Disguise and the Comic Revenge
A great number of comic revenges make use of disguise or a false identity as a means of achieving vengeance. In many of these plays, the protagonists fabricate an identity through some sort of in order to take vengeance against their enemies. As this is such a conspicuous and recurrent theme, it is important to examine the ways in which the use of a false identity functions in the context of the comic revenge and how it works to achieve the revenger's ends. Significantly, the false identity is often shaped in a manner to bring out the weaknesses of the revenger's victim, and often works because the victim is unable to overcome these faults and see the deception for what it is. Victims such as Malvolio, Lucre, and Morose are taunted by fictional identities that are tailor-made to point out and accentuate their faults. Once the revenge is completed, the victim is forced to see these weaknesses for himself and must learn from these mistakes if he wishes to return to society. This fits with the basic goals of the comic revenge; unlike in tragic revenge, the ultimate aim of the revenger is not annihilation of the victim, but integration into a new and more perfect world order. It is because of this that disguise is such a popular tool of comic revenges, since, insomuch as they do not physically harm the victim, they allow the victim to reexamine his position and change his ways. In addition, the lessons learned by the victim can be transferred to the audience, as they are able to see their own weaknesses through the fiction of the play in the way that the victim can understand his weaknesses through the fiction of disguise. As it acts to fulfill the functions of a comic revenge, disguise is central in the cannon of revenge comedy.
Disguise is a useful tool of revenge, as it allows the protagonist to take revenge by using the victims' own negative qualities against them. In Twelfth Night, Malvolio's self-righteous egotism, which is the instigator for the comic revenge, is used as a tool of revenge through the assumption of a false identity. Malvolio is "the best persuaded of himself; so crammed, as he thinks, with excellencies that it is his grounds of faith that all that look on him love him; and on that vice in him will [the] revenge [will] find notable cause to work" (Twelfth Night II.iii.149-153). By taking on Olivia's identity through the letter, Maria and her collaborators are able to play on his sense of superiority; to Malvolio, it seems conceivable that Olivia would fall in love with him. When Malvolio comes across the letter, his interpretation demonstrates how Malvolio is vulnerable to the fiction contained in the letter. Once he finds the letter and finds that it is in Olivia's writing, Malvolio is easily fooled into believing that he is beloved of her, comparable to "sowter [crying] upon [the scent] for all this, though it be as rank as a fox" (Twelfth Night II.v.123-124). This belief colors his interpretation of the letter, and he cannot help but believe that Olivia is in love with him and wishes him to act in the desired manner. When looked at through this standpoint, the irony of Malvolio's claim that "I do not now fool myself, to let imagination jade me, for every reason excites me to this, that my lady loves me" (Twelfth Night II.v.164-167) is clearly evident. Maria was able to succeed in her revenge against Malvolio because her disguise allowed her to take advantage of the pretension and self-righteousness that made her take revenge in the first place.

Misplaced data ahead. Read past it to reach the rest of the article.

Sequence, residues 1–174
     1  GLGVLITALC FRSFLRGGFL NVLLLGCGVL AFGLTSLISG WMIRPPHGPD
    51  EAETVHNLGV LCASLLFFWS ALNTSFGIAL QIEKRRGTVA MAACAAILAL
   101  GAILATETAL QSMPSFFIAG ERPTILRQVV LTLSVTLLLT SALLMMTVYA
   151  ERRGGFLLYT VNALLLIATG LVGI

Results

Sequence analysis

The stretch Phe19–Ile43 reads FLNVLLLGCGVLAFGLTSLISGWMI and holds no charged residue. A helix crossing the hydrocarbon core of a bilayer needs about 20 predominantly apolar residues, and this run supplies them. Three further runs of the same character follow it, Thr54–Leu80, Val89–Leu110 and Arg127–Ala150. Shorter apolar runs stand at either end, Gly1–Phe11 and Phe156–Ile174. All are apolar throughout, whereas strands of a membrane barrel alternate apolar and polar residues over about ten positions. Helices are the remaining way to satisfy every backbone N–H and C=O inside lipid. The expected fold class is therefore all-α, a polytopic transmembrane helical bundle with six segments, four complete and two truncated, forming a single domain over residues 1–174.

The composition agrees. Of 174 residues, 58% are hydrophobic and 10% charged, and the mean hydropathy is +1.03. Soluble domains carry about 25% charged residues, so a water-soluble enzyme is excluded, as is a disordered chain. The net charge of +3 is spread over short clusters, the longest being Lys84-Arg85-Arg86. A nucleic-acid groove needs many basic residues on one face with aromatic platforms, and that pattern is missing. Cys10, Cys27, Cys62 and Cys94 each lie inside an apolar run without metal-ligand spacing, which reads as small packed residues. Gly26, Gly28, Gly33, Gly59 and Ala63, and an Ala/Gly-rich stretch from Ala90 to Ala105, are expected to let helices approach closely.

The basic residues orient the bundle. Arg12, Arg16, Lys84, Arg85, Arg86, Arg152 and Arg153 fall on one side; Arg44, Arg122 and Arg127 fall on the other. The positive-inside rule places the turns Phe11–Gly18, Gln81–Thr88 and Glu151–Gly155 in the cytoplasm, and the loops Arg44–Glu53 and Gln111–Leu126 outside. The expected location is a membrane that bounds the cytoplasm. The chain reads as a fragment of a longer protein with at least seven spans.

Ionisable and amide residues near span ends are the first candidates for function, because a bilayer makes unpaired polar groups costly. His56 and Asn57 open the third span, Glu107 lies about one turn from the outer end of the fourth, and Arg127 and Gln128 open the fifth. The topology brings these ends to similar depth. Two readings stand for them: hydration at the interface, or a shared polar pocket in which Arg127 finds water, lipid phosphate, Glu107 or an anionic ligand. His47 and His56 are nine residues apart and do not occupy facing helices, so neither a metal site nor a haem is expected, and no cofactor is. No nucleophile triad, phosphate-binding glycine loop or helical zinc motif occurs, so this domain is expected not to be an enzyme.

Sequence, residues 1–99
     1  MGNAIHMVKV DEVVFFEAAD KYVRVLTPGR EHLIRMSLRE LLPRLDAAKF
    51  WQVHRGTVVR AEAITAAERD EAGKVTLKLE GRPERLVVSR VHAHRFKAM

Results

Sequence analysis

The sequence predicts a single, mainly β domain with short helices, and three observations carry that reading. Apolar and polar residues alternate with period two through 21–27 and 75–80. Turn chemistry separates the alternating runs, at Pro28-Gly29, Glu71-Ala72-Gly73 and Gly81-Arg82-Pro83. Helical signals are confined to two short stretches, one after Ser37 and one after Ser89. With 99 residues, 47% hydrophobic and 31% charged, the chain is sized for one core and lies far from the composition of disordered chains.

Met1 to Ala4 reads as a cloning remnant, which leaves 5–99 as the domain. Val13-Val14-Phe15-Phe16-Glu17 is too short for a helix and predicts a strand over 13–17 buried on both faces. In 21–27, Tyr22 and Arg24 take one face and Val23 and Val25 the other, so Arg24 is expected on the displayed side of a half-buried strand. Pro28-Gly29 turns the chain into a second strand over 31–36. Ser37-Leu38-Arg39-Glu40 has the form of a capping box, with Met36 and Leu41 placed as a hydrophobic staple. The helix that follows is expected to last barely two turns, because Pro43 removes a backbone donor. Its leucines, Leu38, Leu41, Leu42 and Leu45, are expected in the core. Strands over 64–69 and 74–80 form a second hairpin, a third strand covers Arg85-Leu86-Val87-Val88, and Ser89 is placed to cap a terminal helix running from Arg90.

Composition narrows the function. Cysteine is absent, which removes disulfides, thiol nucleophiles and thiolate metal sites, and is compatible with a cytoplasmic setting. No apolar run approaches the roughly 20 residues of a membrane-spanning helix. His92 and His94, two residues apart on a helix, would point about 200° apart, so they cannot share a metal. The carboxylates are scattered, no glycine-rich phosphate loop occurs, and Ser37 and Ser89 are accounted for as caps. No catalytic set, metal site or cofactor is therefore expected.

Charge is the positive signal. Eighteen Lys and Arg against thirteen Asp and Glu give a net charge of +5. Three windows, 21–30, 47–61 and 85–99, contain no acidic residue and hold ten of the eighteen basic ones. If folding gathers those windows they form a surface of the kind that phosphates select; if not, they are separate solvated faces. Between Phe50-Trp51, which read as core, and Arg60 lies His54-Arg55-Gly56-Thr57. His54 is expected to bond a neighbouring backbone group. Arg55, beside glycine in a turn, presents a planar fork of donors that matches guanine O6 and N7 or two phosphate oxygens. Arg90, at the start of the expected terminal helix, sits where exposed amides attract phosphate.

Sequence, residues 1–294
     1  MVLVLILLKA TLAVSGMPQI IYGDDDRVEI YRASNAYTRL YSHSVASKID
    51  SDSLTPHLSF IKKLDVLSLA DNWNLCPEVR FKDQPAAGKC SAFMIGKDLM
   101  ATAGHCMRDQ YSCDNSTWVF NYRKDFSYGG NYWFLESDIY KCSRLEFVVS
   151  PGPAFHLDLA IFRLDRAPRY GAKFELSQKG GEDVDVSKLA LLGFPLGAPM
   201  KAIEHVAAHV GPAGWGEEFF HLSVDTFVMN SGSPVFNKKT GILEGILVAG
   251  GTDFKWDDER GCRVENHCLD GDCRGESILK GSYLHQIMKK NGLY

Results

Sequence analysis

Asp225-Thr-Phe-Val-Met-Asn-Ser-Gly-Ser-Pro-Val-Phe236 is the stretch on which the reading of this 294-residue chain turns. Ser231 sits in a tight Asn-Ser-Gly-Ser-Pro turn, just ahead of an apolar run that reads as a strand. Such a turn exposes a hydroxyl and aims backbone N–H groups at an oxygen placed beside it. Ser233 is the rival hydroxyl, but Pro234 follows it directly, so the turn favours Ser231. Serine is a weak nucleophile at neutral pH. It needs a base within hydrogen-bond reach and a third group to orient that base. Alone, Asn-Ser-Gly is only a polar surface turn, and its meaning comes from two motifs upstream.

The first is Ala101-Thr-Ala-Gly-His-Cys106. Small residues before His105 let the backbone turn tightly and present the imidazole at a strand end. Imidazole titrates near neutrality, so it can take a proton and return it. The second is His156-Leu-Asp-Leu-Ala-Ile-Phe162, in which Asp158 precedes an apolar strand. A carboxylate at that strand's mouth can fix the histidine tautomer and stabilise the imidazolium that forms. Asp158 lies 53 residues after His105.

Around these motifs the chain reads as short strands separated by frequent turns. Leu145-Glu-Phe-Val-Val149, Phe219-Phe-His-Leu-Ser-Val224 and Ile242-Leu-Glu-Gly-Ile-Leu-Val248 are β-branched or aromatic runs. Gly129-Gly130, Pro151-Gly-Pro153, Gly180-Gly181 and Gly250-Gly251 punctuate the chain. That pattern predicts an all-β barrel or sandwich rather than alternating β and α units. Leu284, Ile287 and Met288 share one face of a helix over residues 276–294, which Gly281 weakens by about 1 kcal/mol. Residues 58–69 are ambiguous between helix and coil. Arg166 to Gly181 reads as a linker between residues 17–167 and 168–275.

This pattern also holds for Middleton's A Trick to Catch the Old One. In this play, Witgood seeks revenge on his uncle Lucre for taking control of his estate, and is able to succeed by crafting a false identity that plays to Lucre's covetousness and love of money. This false identity makes it so that Lucre's desire for accumulation blinds him to the machinations of the plot. By transforming the courtesan into "a rich country widow, four hundred a year valiant, in woods, in bullocks, in barns and in rye stacks" (A Trick to Catch the Old One I.i.55-56), Witgood is able to take his vengeance by taking advantage of the very qualities that first impelled him to do so. Because Witgood uses a façade that appeals to Lucre's greed, Lucre becomes a willing participant, as Lucre's desire to get a share of the widow's money impels him to act in a way that will allow Witgood to take his revenge. Significantly, the ploy is somewhat flimsy and Lucre could find out the truth if he was not drawn into this fiction through his personal faults. Lucre's greed compels him to believe the story and "make him rich enough in words, if that be good; and if it come to a piece of money, [he] will not greatly stick for't [because] there may be hope some of the widow's lands too may one day fall upon [him]" (A Trick to Catch the Old One II.i.152-155). In a later attempt to gain part of the widow's fortune, he returns Wtigood's land as so to prevent Hoard from marrying the widow and "deliver[ing] in [Witgood's] mortgage, [his] promise to the widow" (A Trick to Catch the Old One IV.ii.36-37). Thus Witgood is able to reverse his bad fortune through the action of Lucre, who instigated these problems in the first place. By cleverly constructing a false identity that takes advantage of Lucre's love of money, Witgood is able to manipulate his uncle, thereby taking revenge and regaining his estate.